“I trust everyone. It’s the devil inside them I don’t trust.” – Stella, The Italian Job
In the world of cybersecurity, most breaches bear some resemblance to classic heist movies. The heist genre has a storied tradition: the plot lines explore the point and counterpoint of the intelligence and resources, respectively, of the attackers and the defenders. The inside man (insider knowledge) plays a critical role in designing the big caper. Re-watch Oceans 11 or The Italian Job and notice how this plays out.
Bank robberies, though, are petty crimes compared to cybercrime. Bank robberies have accounted for tens of millions of dollars of losses in recent years. Cybercrime accounts for hundreds of billions of annual losses. Indeed, the number of bank robberies dropped dramatically between the 1970s and the past five years, to the tune of over 2/3 in losses and over 50 percent in actual robberies. The stakes for cybercrime are unfortunately expected to rise to $2 trillion by 2020. $2 trillion.
In the cyber world, the playing field between defenders and attackers must change. In Oceans 11, the gang of thieves execute a careful plan including rehearsing the penetration of a casino vault with an actual vault. They execute an equally well-conceived scheme to remove the money through a ruse. Remember Danny Ocean and his gang simply slipping into the Las Vegas night at the conclusion? Easy peasy.
Increasingly, security teams must pay attention to both the infiltration and exfiltration of data center applications. And they have to look at the inside man. Perimeter technologies inspect inbound and outbound traffic to the data center vault but have no idea what is happening inside. They are the casino security at the front door.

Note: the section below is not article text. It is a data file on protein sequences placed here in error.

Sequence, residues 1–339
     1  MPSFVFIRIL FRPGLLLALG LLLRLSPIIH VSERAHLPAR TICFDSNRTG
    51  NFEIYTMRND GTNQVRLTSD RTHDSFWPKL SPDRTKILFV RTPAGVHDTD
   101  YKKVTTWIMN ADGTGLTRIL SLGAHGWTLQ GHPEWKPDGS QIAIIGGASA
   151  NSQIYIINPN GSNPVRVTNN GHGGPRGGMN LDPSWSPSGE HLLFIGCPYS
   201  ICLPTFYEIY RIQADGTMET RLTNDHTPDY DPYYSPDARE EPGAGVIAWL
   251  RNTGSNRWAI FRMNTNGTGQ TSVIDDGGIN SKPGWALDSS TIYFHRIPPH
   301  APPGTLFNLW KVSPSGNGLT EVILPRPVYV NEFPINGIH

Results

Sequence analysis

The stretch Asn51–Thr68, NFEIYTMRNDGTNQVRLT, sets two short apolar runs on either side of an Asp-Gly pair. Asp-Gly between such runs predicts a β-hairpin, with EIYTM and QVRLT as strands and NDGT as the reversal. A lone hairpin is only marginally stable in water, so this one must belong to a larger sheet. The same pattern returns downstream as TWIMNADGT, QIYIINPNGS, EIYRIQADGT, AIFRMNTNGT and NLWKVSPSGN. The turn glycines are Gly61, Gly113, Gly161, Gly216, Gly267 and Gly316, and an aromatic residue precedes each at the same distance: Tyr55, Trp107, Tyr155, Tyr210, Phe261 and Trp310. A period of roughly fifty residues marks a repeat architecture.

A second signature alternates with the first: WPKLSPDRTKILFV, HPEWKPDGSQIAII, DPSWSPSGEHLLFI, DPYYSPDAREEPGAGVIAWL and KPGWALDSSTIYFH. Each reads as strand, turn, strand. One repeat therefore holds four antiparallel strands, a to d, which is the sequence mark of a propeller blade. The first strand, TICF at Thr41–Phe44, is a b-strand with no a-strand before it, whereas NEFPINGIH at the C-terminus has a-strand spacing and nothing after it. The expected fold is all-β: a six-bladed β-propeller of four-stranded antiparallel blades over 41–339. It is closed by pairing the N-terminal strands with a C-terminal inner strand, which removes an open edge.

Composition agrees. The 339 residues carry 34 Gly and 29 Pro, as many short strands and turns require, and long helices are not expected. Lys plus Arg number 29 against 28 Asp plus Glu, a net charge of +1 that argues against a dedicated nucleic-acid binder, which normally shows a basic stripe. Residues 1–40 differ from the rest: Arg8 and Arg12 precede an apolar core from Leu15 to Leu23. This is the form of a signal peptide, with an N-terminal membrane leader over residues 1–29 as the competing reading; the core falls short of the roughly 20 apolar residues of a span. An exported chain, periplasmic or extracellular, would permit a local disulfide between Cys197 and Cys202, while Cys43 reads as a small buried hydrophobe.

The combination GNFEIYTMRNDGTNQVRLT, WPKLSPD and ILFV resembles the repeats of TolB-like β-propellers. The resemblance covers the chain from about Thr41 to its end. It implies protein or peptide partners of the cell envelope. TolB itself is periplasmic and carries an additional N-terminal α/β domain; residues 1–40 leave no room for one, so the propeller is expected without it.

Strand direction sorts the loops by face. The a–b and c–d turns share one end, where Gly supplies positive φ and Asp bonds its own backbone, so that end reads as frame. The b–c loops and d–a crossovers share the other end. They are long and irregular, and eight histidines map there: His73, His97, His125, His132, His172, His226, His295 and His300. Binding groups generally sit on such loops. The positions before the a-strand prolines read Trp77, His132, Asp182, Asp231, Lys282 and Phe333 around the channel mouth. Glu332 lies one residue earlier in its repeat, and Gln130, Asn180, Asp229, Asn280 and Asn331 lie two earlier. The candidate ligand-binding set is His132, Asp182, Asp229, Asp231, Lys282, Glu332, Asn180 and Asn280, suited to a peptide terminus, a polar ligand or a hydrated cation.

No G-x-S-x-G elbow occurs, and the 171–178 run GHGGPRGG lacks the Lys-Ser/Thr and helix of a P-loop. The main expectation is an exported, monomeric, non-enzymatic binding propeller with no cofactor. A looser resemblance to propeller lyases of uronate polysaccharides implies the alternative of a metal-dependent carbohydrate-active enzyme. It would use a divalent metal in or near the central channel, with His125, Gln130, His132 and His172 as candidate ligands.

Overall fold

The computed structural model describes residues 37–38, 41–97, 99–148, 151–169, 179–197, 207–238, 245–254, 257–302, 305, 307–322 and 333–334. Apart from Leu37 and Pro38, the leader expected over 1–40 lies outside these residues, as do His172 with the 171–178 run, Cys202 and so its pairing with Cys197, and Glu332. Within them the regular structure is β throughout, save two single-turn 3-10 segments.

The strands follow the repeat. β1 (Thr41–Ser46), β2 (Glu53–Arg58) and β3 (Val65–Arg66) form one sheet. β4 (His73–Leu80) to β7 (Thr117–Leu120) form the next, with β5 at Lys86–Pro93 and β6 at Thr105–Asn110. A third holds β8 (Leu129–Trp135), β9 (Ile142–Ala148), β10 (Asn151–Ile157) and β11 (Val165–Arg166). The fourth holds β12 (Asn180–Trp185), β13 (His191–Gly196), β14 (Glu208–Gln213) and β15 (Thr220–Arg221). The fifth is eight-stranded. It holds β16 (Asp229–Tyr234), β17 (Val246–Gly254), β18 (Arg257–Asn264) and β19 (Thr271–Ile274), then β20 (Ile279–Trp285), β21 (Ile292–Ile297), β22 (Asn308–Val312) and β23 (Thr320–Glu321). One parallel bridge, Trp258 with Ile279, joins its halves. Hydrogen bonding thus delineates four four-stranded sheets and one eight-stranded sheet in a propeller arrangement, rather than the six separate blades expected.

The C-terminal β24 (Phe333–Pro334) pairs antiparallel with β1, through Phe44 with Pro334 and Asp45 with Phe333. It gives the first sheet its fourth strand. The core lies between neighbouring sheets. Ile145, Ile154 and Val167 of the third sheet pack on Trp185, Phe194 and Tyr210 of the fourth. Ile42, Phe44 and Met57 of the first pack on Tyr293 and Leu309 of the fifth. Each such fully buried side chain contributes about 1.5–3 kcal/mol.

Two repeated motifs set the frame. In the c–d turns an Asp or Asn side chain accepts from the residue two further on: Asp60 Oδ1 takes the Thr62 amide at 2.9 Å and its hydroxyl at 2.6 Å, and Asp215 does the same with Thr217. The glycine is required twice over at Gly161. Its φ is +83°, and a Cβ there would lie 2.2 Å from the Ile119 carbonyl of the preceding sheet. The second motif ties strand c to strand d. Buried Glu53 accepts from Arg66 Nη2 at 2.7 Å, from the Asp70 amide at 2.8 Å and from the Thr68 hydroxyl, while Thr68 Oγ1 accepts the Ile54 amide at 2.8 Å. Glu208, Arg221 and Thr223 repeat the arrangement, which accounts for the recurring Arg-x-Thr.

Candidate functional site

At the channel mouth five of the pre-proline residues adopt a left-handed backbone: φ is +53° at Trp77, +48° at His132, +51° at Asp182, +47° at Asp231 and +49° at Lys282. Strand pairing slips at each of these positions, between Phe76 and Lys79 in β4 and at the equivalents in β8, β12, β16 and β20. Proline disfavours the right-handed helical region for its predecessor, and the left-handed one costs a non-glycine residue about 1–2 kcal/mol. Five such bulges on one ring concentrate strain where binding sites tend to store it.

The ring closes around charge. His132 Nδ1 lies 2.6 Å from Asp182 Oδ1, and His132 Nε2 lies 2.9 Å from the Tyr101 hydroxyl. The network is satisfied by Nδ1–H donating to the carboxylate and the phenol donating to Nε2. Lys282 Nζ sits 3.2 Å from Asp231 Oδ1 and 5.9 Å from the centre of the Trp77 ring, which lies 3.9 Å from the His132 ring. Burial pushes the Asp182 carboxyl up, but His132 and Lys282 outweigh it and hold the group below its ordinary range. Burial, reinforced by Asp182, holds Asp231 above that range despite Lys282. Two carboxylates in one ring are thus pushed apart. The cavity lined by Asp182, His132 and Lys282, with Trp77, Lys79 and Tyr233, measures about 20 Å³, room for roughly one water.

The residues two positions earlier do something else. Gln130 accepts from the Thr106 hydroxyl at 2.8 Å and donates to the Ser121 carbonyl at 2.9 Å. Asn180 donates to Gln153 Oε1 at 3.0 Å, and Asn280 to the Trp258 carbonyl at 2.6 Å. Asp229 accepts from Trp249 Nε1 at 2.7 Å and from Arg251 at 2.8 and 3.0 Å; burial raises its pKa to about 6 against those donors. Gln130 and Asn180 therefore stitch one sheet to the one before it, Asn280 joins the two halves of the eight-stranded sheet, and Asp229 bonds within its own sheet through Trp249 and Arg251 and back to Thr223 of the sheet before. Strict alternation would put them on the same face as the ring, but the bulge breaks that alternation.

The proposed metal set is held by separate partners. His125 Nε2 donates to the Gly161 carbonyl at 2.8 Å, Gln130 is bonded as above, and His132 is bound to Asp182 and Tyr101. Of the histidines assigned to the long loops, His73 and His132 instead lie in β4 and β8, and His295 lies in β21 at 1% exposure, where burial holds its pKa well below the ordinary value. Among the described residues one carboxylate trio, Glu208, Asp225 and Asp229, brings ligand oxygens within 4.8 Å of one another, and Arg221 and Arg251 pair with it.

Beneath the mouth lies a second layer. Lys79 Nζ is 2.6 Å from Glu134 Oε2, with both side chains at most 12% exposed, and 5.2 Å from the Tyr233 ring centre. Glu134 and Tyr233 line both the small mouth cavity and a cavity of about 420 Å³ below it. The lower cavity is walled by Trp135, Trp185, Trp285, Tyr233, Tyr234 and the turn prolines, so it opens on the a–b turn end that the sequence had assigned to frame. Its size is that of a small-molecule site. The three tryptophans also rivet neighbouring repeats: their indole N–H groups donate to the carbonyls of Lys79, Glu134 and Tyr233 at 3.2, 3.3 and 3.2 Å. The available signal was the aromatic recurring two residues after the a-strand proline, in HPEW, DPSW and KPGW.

Micro-segmentation approaches play an important role in reducing the attack surface, the points of infiltration in the heart of the data center. By governing the traffic among servers, they reduce the risk of bad actors.
But what about the inside man?
For security professionals, the devices that connect into data center applications, including PCs and smartphones, represent the other half the cyber question—and one of the largest risk vectors to protecting computing assets. While identity and access capabilities such as Microsoft Active Directory can dictate the applications where are user can login, they do not dictate the applications to which you can connect (think should rather than can).
To illustrate, imagine a VDI desktop connecting to applications in a data center. The Group Policy might allow the user to log in to applications A, B and C. However, it does not govern them trying to connect to applications D, E and F. The VDI desktop is like a person on a hotel elevator. The elevator will take you to any floor in the hotel, even if your key card will only open your room on your floor. If you can get to any floor and any door, you can try to get in. So from a connectivity point of view, even a contractor (or worse, a stolen laptop) that only has the ability to log in to one application can see many others. A really good key card will only let you get off at your floor as well as only open your door.
To reduce the risk of the inside man, security professionals must add a new layer of segmentation to the security strategy: user segmentation. Rather than think about segmentation as a binary barrier governed by the infrastructure, think about it as an adaptive set of capabilities to protect different needs:
• Macro-segmentation: Separating trusted and untrusted environments such as the Internet and your data center, or development and production environments
• Micro-segmentation: “Ringfencing” or isolating application traffic to a specific set of servers
• User segmentation: Governing which applications a user or group of users can physically connect to in the data center
The increasing segmentation and isolation of applications and application components deep inside the data center and the cloud is today’s most powerful defense against cyber incursions. It is what presents the greatest potential of reversing the ground game between defenders and attackers.
At the perimeter, the defender is totally at the mercy of the attacker: the attacker only has to foil the defender once and they are in.
In a well-segmented and protected data center interior, however, the attacker only has to slip up once to be caught. In building a data center or cloud security strategy, IT professionals must be equally vigilant protecting against the inside man as protecting the vaults.